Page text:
AA - 2020

Author: Tess Rodrigues
Managing Member of Mortgage Originating Company – Property Factor
8 October 2020


In adulthood, we will be exposed to sureties in one form or another. Whether this requires a partner, spouse, or parent to stand surety to qualify for a home loan or, standing surety for a facility granted to a company. Occasionally, surety just forms part of a contract, a loan, or an instalment finance agreement which one enters.

All should be fair and well, as long as the person or company that stood surety meets their obligations but according to Tess Rodrigues, the managing member of mortgage originating company Property Factor, the guarantor is occasionally unexpectedly called upon to fulfil the terms of the suretyship when they were under the impression that it was no longer applicable.

Tess provides two real-life examples:

A parent stands surety for his son’s home loan

Mr Jones Junior* wanted to purchase a property in 1985. He had applied for a home loan at the National Building Society* and Mr Jones Senior* stood R100 000 limited surety for Mr Jones Junior* to quality for the home loan.

Three years down the line, the property was sold, and the home loan was fully repaid. However, the surety agreement was never explicitly cancelled. It was assumed that because the home loan was repaid, the suretyship was no longer applicable.

In 1995, the National Building Society* was liquidated and its debtors’ book, together with all applicable securities, was sold to Prosperity Bank*.

Some years later, Mr Jones Junior* purchased another property and he required a small home loan of R300 000 from Prosperity Bank*. There was no issue of affordability at the time and Mr Jones Junior* was immediately granted the required home loan. Unfortunately, in 2005, Mr Jones Junior faced serious financial difficulties and he was declared insolvent.

Prosperity Bank applied to have the property sold in execution. In the interim, they came upon the guarantee signed by Mr Jones Senior in 1985 in favour of the National Building Society which was bought over by Prosperity Bank. They immediately sent a letter of demand to Mr Jones Senior demanding the R100 000 even though the market value of the property to be sold in execution was well in excess of R2 million and the home loan had a mere R265 000 outstanding balance.

Mr Jones Senior, a successful businessman with numerous business and personal accounts at Prosperity Bank, refused to pay the R100 000. He believed the property provided sufficient security and he had no recollection of ever standing surety for Mr Jones Junior at Prosperity Bank.

Mr Jones Senior only became aware that the bank had frozen all his accounts when he needed to pay staff salaries at the end of that week. He was left with no alternative but to pay the R100 000.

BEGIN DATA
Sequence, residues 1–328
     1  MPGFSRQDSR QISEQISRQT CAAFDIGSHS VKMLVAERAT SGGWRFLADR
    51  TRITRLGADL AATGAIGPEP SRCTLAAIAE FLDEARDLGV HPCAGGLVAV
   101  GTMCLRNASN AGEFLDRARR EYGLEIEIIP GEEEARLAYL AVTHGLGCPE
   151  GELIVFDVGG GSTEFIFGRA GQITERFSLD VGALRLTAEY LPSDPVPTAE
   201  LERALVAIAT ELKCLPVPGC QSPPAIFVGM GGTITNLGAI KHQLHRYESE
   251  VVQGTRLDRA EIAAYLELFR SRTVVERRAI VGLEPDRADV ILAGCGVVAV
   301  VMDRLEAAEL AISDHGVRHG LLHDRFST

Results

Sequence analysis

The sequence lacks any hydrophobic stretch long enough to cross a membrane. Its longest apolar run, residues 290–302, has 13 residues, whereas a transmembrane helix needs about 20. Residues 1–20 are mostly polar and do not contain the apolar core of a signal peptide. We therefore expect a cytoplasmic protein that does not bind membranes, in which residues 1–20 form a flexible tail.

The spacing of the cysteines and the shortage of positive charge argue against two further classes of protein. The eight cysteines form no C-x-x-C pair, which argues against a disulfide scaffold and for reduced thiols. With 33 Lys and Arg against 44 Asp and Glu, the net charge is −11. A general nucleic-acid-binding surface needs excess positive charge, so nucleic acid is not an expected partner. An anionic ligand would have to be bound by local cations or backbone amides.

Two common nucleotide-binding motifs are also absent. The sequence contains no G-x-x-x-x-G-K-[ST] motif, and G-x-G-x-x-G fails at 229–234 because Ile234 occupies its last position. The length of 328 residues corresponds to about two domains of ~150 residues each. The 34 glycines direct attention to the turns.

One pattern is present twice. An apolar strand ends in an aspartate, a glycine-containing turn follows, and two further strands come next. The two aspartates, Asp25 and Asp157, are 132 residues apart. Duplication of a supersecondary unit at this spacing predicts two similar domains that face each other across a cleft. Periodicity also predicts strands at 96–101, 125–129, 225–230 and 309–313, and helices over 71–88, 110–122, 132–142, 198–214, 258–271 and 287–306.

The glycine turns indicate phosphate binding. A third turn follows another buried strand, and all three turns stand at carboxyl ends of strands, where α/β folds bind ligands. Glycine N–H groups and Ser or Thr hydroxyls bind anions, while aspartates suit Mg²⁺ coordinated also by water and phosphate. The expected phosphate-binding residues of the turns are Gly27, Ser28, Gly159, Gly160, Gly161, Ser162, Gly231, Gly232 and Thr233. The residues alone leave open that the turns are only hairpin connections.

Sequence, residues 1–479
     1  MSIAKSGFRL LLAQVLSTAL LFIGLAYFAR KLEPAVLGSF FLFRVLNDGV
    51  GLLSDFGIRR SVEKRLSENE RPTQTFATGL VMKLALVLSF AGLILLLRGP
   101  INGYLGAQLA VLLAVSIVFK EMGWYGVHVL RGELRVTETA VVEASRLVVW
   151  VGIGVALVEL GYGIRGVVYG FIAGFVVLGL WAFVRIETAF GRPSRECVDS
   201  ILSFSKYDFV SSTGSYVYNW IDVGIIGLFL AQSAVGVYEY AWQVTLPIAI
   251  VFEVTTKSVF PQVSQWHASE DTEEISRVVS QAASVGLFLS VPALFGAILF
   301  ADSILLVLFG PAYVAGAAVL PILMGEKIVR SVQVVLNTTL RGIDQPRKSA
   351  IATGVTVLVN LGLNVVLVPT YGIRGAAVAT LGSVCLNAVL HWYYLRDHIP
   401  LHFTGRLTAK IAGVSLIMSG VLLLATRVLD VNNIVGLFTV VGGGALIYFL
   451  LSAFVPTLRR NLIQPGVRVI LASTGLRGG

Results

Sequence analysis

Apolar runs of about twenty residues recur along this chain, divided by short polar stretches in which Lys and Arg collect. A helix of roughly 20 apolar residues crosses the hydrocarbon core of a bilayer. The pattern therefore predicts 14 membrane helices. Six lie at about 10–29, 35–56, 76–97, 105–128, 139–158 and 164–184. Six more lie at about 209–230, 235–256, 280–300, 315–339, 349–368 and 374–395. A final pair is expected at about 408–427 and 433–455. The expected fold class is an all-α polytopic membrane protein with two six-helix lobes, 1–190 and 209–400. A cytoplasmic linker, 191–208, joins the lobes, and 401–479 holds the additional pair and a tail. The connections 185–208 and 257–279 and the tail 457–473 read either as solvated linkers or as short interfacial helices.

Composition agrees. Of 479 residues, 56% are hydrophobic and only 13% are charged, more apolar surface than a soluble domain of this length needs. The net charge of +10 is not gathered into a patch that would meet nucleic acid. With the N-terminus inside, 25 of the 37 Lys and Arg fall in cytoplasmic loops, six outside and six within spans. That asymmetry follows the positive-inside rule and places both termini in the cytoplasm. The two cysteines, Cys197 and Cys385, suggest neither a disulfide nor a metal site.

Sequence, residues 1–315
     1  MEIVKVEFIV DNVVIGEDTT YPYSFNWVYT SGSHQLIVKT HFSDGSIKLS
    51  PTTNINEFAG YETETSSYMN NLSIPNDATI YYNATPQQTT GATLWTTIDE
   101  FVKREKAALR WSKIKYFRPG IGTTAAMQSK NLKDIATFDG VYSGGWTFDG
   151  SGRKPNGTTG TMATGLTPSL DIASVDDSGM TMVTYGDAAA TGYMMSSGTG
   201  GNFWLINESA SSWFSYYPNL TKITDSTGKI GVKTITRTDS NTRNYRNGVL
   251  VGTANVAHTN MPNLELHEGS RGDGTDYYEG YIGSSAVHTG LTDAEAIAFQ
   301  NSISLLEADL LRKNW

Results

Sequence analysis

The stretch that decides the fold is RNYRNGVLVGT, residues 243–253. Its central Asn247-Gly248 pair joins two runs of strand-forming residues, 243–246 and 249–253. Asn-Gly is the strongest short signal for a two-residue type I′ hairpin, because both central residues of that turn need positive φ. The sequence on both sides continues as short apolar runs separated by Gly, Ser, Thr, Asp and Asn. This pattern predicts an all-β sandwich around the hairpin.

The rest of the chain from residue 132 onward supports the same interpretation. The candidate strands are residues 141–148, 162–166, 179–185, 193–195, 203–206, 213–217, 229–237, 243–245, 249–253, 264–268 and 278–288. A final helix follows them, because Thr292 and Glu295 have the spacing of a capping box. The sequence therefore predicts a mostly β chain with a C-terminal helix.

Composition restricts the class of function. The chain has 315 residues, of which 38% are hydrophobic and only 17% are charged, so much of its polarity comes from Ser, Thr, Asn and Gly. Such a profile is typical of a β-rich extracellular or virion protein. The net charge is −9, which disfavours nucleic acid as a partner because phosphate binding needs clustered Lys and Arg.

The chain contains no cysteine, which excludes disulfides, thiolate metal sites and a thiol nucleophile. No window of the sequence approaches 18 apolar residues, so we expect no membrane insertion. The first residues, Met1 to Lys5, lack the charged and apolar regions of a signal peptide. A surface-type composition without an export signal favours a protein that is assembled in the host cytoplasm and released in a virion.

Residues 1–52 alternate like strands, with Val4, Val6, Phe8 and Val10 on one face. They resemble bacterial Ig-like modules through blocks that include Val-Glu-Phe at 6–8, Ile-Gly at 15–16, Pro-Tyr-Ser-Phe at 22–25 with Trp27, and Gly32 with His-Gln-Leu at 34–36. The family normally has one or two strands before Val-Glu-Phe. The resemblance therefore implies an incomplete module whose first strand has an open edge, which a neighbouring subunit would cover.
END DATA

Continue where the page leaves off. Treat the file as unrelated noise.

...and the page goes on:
“This true story happened in South Africa with one of our local financial institutions” says Tess. “It is important to note that when you stand surety for somebody, the surety is not limited to a transaction, but it applies to all debt incurred by that debtor at the financial institution. While the surety agreement differs from bank to bank, most make provision for it to be on-sold or even ceded.”

A director stands surety for a real estate agency sold

Mr Smith* was a director of XYZ Homes (Pty) Ltd*. The real estate agency has applied for a credit facility for which Mr Smith* stood R300 000 limited surety.

Years later, XYZ Homes (Pty) Ltd.* was sold to another conglomerate as an ongoing concern. The business was not transferred out of the existing registered company, but its shares were taken over by the new owners and the directors substituted accordingly. Mr Smith* failed to explicitly cancel the personal surety stood for the agency at the bank.

In 2003, XYZ Homes (Pty) Ltd.* was liquidated and Mr Smith* received a letter of demand for the R300 000 in terms of the surety, even though he had sold his interests in the business ten years previously.

Tess provides five ways to ensure that you are not caught unaware:

  1. When signing any agreement, be it for a cell phone or an instalment finance transaction, look out for personal surety clauses and where possible, delete them.
  2. Never stand guarantee for anyone whose debt behaviour you are not familiar with.
  3. Limit your guarantee. Most certainly in terms of the amount and where possible, limit it to a specific transaction. For example, a R100 000 guarantee on a home loan account with the number 345 12366* over a property known as Erf 23, 5 Richter Close, Cape Town*. Be specific and leave no room for doubt or ambiguity.
  4. When buying or selling an ongoing concern or a property in an entity, always ensure that the sale is a transfer to a newly registered entity with a separate registration number and not just merely the transfer of shares.
  5. Keep a surety register so that you know all the sureties you have signed and when you should cancel them. When cancelling a surety, make sure that the bank hands the document back to you so that you can destroy it. Never assume that it gets cancelled automatically.

“To get what we want and to improve our living conditions, we need to step out of our comfort zone, but we do not need to do so recklessly. Sureties are at times a necessary evil. We can and should, however, limit our exposure to this potential financial risk” concludes Tess.

*Individual, company and financial institutions names have been changed to protect their identity.

The original article can be viewed here: